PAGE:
Runaway Toyota

Runaway Toyota

Terrifying moments were caught on police radio as a panicked motorist tries to stop his runaway Toyota.

"I'm thinking of just putting a patrol car in front of him and trying to stop him," said the highway patrol officer.

The 61-year-old man was driving down the freeway outside San Diego. He had just sped up to pass another vehicle when he says his Prius began accelerating on its own. He found himself barreling down the highway at speeds up to 94 miles an hour. He says he did everything he could to stop the car, but nothing worked.

The driver, James Sikes, said, "I was standing on the brake pedal."

Sikes described to INSIDE EDITION's Jim Moret his desperate attempts as he tried to bring his 2008 Toyota Prius to a halt Monday afternoon.

"Somehow it was stuck. I don't know. Somehow the peddal was stuck," said Sikes.

He frantically called 911. California highway patrol officer Todd Neibert was the first to reach him.

"When was getting up to the car, when I saw him, I could smell his brakes. I saw his brake lights coming on. So my next idea was I need to get up along side him and use my public address system and try to talk to him," said officer Neibert.

The driver applied both his foot brake and emergency brake. The cop swung his patrol car in front of the Toyota and finally managed to slow it down.

"I got down to about 55 miles per hour and I pushed the button to shut it off, and it didn't shut off so I did it a couple more times and it did shut down. It kind of rolled to a stop until I bumped into the back of his car," explained Sikes.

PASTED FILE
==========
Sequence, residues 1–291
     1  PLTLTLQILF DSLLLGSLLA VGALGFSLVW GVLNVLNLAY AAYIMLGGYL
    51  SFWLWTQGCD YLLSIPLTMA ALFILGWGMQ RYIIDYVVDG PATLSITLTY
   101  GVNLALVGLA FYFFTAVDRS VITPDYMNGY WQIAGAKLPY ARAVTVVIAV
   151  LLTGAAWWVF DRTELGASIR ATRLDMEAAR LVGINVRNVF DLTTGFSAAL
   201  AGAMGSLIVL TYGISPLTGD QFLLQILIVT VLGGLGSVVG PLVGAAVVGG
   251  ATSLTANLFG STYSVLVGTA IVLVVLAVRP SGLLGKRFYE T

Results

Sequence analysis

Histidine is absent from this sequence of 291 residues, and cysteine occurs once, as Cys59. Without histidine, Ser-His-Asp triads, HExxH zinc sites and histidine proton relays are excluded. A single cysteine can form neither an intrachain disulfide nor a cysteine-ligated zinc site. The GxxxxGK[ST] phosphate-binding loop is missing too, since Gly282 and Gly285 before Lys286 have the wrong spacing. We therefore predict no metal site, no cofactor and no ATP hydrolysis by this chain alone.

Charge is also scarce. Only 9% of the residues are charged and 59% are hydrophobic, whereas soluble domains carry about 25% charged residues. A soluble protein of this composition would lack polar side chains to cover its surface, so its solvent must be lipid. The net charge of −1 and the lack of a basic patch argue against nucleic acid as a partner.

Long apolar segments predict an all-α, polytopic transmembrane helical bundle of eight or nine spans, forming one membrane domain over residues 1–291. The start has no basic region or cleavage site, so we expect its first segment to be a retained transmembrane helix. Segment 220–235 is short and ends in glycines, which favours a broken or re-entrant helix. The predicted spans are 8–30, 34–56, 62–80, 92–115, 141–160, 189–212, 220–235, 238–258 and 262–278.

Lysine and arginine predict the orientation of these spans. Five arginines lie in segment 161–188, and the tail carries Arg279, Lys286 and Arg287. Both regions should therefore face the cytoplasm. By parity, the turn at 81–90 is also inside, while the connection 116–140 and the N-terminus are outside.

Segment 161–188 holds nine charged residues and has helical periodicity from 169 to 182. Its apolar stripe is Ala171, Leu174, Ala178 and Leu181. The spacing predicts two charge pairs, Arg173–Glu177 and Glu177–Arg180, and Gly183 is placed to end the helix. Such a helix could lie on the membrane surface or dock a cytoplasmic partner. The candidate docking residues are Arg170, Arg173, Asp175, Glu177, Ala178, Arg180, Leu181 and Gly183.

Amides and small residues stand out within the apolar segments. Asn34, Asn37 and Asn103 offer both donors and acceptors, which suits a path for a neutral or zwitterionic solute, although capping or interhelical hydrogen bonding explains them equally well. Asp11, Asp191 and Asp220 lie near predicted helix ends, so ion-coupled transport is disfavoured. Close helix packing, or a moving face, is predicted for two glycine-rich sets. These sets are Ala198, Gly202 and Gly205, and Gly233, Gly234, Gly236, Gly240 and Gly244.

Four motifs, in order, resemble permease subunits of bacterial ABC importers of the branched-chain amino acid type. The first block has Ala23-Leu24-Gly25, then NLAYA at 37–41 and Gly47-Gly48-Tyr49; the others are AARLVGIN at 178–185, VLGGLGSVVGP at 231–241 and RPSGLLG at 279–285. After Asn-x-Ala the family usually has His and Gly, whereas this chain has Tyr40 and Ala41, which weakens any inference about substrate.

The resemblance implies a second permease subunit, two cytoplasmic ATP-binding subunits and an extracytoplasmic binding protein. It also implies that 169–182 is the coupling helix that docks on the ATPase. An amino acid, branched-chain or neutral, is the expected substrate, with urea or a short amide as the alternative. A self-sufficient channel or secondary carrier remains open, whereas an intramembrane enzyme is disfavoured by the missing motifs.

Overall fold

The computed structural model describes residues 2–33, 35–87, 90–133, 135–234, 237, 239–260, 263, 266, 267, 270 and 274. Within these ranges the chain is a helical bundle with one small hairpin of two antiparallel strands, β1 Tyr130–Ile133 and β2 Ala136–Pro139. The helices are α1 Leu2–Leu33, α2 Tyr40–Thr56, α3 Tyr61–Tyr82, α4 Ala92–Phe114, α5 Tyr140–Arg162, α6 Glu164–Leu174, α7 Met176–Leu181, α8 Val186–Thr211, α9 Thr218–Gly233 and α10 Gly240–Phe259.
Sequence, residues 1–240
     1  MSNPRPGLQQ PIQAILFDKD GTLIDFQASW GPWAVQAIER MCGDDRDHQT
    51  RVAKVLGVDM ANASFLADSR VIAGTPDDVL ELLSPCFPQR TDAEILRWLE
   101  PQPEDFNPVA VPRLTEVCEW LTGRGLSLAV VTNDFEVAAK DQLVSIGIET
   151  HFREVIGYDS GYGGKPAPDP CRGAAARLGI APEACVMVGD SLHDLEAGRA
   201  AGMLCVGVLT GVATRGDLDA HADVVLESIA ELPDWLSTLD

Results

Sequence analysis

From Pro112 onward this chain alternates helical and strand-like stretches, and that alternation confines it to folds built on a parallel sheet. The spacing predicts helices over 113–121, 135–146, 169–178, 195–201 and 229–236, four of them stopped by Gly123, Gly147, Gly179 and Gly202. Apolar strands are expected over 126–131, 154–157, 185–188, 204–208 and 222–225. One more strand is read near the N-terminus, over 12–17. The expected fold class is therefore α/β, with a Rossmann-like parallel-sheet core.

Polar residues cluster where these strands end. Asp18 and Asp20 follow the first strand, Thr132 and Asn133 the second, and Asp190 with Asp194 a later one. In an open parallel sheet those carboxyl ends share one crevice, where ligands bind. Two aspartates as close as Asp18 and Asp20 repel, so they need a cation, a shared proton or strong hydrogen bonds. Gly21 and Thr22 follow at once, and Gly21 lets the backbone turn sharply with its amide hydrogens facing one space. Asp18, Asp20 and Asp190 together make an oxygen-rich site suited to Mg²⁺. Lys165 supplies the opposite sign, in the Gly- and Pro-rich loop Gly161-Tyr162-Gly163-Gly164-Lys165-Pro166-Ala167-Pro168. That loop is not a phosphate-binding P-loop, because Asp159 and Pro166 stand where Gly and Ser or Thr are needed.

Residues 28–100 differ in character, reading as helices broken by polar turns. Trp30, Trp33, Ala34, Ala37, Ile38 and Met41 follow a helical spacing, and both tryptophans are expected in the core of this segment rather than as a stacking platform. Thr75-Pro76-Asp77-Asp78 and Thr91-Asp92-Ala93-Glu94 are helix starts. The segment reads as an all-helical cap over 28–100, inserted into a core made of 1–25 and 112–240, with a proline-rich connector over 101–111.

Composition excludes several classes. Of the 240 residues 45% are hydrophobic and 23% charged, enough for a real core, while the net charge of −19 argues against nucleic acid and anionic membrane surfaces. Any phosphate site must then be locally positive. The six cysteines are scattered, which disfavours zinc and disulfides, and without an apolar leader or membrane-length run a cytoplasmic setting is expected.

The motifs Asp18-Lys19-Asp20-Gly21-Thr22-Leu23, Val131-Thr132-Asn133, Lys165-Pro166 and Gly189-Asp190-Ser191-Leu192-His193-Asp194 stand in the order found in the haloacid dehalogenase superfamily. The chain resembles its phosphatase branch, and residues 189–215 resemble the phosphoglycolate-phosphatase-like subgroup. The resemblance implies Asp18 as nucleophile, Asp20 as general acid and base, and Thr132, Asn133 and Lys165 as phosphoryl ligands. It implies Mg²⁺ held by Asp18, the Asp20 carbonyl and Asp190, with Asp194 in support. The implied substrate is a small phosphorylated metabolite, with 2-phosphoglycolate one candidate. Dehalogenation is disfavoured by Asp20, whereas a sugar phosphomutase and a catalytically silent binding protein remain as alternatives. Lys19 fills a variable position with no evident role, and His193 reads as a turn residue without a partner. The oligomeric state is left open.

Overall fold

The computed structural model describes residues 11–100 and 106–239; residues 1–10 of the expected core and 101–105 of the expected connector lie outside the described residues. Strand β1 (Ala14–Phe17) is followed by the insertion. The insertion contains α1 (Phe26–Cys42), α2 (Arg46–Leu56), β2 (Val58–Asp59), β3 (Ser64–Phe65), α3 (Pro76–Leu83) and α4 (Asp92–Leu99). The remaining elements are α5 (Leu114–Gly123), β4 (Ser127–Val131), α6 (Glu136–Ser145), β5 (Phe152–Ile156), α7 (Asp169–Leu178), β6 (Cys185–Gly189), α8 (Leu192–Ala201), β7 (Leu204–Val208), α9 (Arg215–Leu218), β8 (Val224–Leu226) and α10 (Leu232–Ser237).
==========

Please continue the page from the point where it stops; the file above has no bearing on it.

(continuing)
Sikes says he received a recall notice for his 2008 Prius two weeks ago, but when he brought it to a dealer, he says they told him it wasn't on the recall list and turned him away. He returned the car to the dealership today.

It's the latest black eye for Toyota, which just hours earlier Monday launched a new PR campaign to reassure drivers about Toyota safety.

A Toyota representative said, "We have found no sign that electronics have anything to do with unintended acceleration."

Toyota now says it is dispatching a technical specialist to San Diego to investigate this latest terrifying incident. It happened just a few miles from where four members of a family were killed last year when their Lexus couldn't stop at 120 miles per hour, then crashed through a guardrail and burst into flames.

The driver of the family killed last year exclaimed in his frantic 911 call, "We're going 120! We're in trouble! There's no brakes! We're approaching the intersection! Hold on. Pray. Pray."

Toyota's president Akio Toyoda apologized last month to the Saylor family at a congressional hearing.

Now this shaken driver says Toyota has more explaining to do to him.

"I won't drive that car again. Period."

Toyota told us the car was on their recall list and they are investigating why the driver was turned away from the dealership.